These are the very things this bill seeks to redress. This bill adopts these measures which have been agreed to by the parties to the Antarctic Treaty. This bill will give effect to Australia's international obligations set out under the Madrid protocol and the Antarctic Treaty, including specific changes agreed to during the international Antarctic Treaty consultative meetings in 2004, 2005 and 2009. The first measure that this bill addresses is ensuring responsibility for environmental emergencies. The adoption of annex 6 to the protocol on environmental protection to the Antarctic Treaty, which has informed this measure in the bill, is the most significant addition to the Antarctic Treaty since it was first signed in 1959. Consequently, it is appropriate that it be reflected and given proper authority under this bill. Environmental emergencies may take the form of, for example, oil spills or disease introduction and can pose real and dangerous threats to the future of our Antarctic environment. Under this measure, all government and non-government bodies operating in the Antarctic, whether they are conducting scientific research, tourism, shipping and transportation or logistical support, will be required to prepare detailed plans to manage and reduce the risk of environmental emergencies. Under this requirement, it will be mandatory for these operators to prepare plans which have detailed contingency measures and responses to environmental emergencies. Operators will be obligated to present their management strategies for approval before they can operate in the Antarctic region.

This bill will allow for the minister to grant safety and environmental approvals for operators, and these measures will hold operators legally accountable for implementing contingency plans. This should cause operators in this region to take their personal responsibilities very seriously. Of course it is vital that, as Australians, we are taking measures to protect Antarctica against environmental emergencies. Over the past couple of years we have seen examples splashed across the media both domestically and abroad of the devastating impacts of environmental emergencies and the wide-reaching consequences they can have on natural habitats.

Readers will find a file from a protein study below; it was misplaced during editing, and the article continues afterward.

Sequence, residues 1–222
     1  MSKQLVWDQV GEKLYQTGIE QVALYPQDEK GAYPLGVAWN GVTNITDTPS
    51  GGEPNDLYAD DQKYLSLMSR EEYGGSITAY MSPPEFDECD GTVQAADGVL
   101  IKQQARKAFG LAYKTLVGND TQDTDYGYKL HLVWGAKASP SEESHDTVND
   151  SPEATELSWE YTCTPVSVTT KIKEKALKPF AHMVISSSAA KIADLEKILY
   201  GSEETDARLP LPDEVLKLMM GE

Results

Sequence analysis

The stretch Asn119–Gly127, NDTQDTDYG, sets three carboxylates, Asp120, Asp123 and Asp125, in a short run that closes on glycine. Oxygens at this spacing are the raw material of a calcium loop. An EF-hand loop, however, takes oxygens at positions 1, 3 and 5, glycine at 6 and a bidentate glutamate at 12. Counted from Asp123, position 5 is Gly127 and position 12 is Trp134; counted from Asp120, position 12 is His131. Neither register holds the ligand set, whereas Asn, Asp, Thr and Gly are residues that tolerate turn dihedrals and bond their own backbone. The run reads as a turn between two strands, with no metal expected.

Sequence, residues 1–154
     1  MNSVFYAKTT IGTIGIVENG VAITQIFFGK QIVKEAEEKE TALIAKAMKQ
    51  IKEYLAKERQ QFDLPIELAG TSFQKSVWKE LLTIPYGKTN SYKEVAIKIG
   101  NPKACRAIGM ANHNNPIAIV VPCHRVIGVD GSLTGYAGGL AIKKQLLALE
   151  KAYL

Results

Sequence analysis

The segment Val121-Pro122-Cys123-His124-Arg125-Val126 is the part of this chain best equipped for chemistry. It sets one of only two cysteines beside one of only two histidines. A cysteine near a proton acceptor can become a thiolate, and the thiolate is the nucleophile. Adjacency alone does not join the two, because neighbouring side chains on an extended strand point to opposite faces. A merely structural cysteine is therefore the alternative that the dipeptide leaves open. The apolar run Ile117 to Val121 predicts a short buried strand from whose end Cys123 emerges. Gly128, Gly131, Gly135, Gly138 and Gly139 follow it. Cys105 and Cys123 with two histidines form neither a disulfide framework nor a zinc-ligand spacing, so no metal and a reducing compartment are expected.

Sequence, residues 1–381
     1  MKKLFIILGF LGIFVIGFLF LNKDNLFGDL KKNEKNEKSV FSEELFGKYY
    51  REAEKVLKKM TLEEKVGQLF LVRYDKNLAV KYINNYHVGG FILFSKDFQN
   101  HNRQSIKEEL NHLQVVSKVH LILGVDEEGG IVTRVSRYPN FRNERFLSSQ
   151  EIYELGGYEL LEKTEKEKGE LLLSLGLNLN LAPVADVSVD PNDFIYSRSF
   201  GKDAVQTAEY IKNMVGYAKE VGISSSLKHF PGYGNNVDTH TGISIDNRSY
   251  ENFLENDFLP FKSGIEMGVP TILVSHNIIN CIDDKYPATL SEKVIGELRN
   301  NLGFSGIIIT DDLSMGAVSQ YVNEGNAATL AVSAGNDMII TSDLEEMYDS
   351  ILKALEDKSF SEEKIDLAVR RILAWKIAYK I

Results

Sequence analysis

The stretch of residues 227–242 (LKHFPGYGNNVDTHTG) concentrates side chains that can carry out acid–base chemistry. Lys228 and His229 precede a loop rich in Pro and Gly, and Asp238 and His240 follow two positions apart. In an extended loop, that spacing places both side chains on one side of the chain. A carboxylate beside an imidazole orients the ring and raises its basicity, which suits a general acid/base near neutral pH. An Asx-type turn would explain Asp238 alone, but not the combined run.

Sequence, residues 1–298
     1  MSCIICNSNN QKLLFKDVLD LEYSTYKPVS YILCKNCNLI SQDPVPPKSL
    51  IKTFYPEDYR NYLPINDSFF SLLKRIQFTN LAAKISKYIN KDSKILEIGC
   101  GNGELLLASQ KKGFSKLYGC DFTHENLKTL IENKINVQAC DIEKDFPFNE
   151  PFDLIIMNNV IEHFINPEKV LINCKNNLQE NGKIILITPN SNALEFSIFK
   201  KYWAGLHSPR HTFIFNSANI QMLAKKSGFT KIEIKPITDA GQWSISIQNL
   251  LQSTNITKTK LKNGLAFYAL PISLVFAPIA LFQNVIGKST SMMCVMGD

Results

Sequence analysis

We have seen the Shen Neng 1 run aground on the Great Barrier Reef, and we have seen a catastrophic oil spill in my own backyard in Moreton Bay. These examples spell out the urgency of putting into place appropriate precautions to prevent environmental emergencies. The cost to communities and governments in these two cases were extensive, and in both these cases the operators responsible were not the ones on the ground after the incident who were working to minimise the damage to the environment. This bill holds any operator that causes an environmental emergency responsible for their actions. This bill holds operators accountable for cleaning up environmental emergencies and, as a contingency, it enables third parties to claim compensation from the polluter if the third parties themselves have taken action in the polluter's stead to clean up after an environmental emergency.

Antarctica is a treasure, and, as a country with a 42 per cent stake in its territory, we cannot afford to be complacent in ensuring the protection of its environment. As we are all aware, Antarctica is unique—it cannot be replaced or replicated anywhere else. It is vital that we take our part in protecting it for future generations by respecting this pristine environment.

The second measure that this bill addresses is the requirement of non-government operators to make contingency plans for health, safety, search and rescue—including insurance coverage—as well as medical care and emergency evacuations. This measure is extremely important in light of the dangers associated with operations in this region, which is undeniably isolated and inhospitable. Between 2007 and 2010 there were seven serious incidents involving tourist vessels in the Antarctic region requiring evacuations and rescues. Most of these situations involved vessels running aground in the treacherous conditions that the Antarctic region is renowned for, and all resulted in emergency evacuations. Additionally, in recent years there have been mishaps which have involved private Australian adventurers and drawn-out and complicated search and rescue missions.